children playing

The child care workforce

Printer-friendly versionSend by emailPDF version
Publication Date: 
30 Nov 1999

The landmark comparative report of early childhood education and care (ECEC) carried out by the OECD, Starting strong: Early childhood education and care" (2001), identified key elements of policy essential to quality ECEC. The report especially notes the importance of "appropriate training and working conditions for staff in all forms of provision." This recommendation is also clearly supported by a vast amount of empirical research. The OECD specifically suggests that:

"Quality ECEC depends on strong staff training and fair working conditions across the sector. Initial and in-service training might be broadened to take into account the growing educational and social responsibilities of the profession. There is a critical need to develop strategies to recruit and retain a qualified and diverse, mixed-gender workforce and to ensure that a career in ECEC is satisfying, respected and financially viable."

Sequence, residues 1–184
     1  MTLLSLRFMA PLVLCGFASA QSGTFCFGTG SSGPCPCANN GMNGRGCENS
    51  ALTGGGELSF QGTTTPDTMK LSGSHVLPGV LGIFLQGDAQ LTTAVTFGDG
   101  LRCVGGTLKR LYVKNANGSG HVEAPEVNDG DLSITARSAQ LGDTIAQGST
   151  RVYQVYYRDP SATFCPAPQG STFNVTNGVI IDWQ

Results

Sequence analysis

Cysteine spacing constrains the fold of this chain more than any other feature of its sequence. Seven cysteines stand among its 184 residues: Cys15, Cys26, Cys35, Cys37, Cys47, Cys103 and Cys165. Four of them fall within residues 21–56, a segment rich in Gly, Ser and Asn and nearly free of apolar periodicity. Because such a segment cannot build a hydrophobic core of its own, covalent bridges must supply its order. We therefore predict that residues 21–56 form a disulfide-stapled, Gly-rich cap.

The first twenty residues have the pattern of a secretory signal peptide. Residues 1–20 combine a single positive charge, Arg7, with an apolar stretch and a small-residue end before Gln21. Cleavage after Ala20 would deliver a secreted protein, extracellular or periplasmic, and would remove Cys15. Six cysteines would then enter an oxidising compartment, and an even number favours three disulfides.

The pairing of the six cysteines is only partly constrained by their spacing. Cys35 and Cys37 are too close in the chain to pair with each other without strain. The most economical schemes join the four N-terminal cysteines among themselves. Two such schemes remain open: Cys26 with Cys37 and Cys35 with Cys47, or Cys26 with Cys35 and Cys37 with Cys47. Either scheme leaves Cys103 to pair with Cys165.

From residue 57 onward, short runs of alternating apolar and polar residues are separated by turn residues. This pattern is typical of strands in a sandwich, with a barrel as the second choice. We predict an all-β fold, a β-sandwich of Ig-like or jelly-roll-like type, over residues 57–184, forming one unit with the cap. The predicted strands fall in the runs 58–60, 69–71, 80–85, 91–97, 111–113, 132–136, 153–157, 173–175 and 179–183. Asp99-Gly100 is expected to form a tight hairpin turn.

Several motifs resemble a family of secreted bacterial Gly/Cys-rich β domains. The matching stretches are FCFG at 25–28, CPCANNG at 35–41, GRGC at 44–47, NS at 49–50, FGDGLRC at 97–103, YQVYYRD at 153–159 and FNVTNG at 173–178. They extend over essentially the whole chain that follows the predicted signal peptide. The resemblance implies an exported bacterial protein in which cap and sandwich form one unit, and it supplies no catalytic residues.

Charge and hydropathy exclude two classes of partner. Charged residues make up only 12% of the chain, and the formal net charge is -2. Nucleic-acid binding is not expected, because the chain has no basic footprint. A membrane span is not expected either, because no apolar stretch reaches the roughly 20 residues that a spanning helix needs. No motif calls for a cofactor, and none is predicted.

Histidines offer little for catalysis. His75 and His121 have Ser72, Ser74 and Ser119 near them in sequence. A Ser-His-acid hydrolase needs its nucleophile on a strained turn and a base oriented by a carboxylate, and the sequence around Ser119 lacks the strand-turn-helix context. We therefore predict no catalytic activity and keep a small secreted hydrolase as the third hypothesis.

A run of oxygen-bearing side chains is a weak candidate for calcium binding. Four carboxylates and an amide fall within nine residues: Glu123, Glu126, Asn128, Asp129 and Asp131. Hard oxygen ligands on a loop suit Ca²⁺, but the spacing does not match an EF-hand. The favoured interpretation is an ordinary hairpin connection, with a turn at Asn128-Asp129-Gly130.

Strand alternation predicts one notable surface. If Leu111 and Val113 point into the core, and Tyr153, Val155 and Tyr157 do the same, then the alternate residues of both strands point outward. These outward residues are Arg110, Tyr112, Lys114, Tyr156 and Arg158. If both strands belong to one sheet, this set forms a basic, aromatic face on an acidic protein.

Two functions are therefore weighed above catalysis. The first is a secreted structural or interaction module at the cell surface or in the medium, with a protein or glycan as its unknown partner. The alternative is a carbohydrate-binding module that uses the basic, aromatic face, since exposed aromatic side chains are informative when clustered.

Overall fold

This ISSUE file collects recommended readings (both online and in print) about the early childhood workforce. Readings are organized into four sections:

- The importance of training and fair working conditions: What does the research tell us? (A list of empirical research demonstrating the relationship between training and fair working conditions to high quality)

- What does the early childhood workforce look like?

- What does the early childhood workforce look like in other countries? (Readings about the early childhood workforce in Canada and in other countries)

- Other factors that affect the early childhood workforce (readings about other factors that directly impact the conditions of the early childhood sector)